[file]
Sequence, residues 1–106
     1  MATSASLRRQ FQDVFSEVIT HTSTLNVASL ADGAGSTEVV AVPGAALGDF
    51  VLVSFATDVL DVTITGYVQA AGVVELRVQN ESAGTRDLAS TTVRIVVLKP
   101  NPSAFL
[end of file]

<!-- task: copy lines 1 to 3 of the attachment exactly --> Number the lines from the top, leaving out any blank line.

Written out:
Sequence, residues 1–106
     1  MATSASLRRQ FQDVFSEVIT HTSTLNVASL ADGAGSTEVV AVPGAALGDF
    51  VLVSFATDVL DVTITGYVQA AGVVELRVQN ESAGTRDLAS TTVRIVVLKP